Silicones – are they really that bad?

Because of the growing trend toward natural cosmetic products, some groups of raw materials have (quite often unfairly) built up a bad reputation. After mineral oils and parabens, silicones took the worst beating. Often no consideration was given to whether those opinions were supported by any scientific evidence or literature data, or whether certain raw materials were suitable for a specific skin or hair application.

A brief history

Although the first application of silicones was limited to using them as lubricants for engines, a few years later they were properly refined and approved for use as a cosmetic raw material. The first product on the market was a foundation by Revlon, which was distinguished not only by its durability but also by its great sensory properties, spreadability, and the light feeling that it left on the skin. Volatile silicones also started being used in perfumery – they were an alternative to the classic alcohol-based perfumes. Their next sector would be hair products. In those cosmetics, silicones were used as conditioners and emollients immediately smoothing hair and giving it luster. Owing to their versatility and effectiveness, silicones were very popular in cosmetics, all the more so since they were a cheap raw material and products could be formulated that were inexpensive and pleasant to apply.

A bit of chemistry – what exactly are silicones?

Chemically speaking, silicones are polymers formed by alternating silicon and oxygen atoms. Even though silicon is usually obtained from sand, the final product is not natural, of natural origin, or biodegradable. This is the reason why they’re not allowed in natural products. Many consumers believe that silicones are just unnecessary fillers devoid of any properties beneficial to the skin. The truth is quite different: silicones are a great alternative to mineral oils, which may not work for some skin types. Silicones create a light, delicate occlusion, thanks to which water evaporation from the epidermis is slightly reduced. Also, a silicone product spreads better.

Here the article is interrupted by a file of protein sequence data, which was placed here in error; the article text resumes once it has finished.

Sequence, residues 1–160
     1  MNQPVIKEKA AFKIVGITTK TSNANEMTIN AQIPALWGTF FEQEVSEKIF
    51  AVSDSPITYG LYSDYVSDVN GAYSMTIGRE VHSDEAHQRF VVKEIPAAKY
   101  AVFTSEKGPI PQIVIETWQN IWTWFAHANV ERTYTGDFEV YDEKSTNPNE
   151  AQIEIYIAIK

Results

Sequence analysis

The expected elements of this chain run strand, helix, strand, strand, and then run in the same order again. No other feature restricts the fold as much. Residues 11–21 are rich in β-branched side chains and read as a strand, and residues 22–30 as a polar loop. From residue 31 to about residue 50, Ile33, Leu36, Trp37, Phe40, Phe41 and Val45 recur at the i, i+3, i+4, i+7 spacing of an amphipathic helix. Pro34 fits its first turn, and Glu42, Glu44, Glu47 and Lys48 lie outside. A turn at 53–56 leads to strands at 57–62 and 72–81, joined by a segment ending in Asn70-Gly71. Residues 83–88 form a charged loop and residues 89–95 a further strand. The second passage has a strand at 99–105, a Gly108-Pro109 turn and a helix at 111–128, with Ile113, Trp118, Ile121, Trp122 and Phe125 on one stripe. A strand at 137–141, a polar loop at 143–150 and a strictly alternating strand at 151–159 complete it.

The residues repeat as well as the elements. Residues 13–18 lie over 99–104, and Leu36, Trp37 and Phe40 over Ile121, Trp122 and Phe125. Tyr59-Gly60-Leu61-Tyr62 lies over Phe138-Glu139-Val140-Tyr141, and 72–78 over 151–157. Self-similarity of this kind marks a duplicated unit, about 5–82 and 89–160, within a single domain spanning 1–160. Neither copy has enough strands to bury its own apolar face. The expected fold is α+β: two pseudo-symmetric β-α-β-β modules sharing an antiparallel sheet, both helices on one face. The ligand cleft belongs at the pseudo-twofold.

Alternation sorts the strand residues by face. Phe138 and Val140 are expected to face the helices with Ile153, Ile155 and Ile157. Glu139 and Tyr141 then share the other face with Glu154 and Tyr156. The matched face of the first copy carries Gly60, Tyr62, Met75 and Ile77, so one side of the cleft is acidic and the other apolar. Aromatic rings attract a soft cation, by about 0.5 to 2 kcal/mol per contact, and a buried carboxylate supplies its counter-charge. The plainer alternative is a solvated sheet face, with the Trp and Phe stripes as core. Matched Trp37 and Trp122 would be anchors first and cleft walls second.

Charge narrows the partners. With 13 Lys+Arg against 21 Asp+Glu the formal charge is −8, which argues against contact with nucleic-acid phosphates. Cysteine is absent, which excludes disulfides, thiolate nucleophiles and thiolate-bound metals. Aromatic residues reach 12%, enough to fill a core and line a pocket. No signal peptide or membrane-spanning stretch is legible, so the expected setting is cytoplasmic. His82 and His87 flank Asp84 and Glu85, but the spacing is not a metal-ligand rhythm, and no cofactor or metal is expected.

Differentiation and properties of silicones

Silicones are a large group of raw materials, which includes compounds that have various structures and thus also various names and properties. The most characteristic parameter of silicones is their volatility, which determines their protective and application properties. Their common features are quick spreading and low surface friction, which ensure hair and skin smoothness and softness to the touch. As they are permeable, they don’t clog skin pores and usually don’t weigh hair down, while their low thermal conductivity guarantees very good protection against the heat coming from a hairdryer or other styling devices. In most cases silicones are not used alone, but rather in mixtures that complement each other and act synergistically.

Volatile silicones are noted for fast (from several minutes to several hours) evaporation from the skin surface, which makes the product formula lighter and quickly absorbable. Cosmetics based on this type of silicone do not build up, do not weigh down the skin or hair, so they can be used as needed without worrying that they’ll make them greasy faster or block skin pores. Their conditioning properties are a great advantage – hair becomes smooth, shiny, and wispy, while the skin is silky with an even texture. In color cosmetics there’s no equivalent that could produce the same effects as silicone. It determines how long fluids, foundations, mascaras, lipsticks, and many other cosmetics can be worn. When putting a cosmetic on, volatile silicones make it easier to apply and spread, after which they evaporate and leave the pigment on the skin.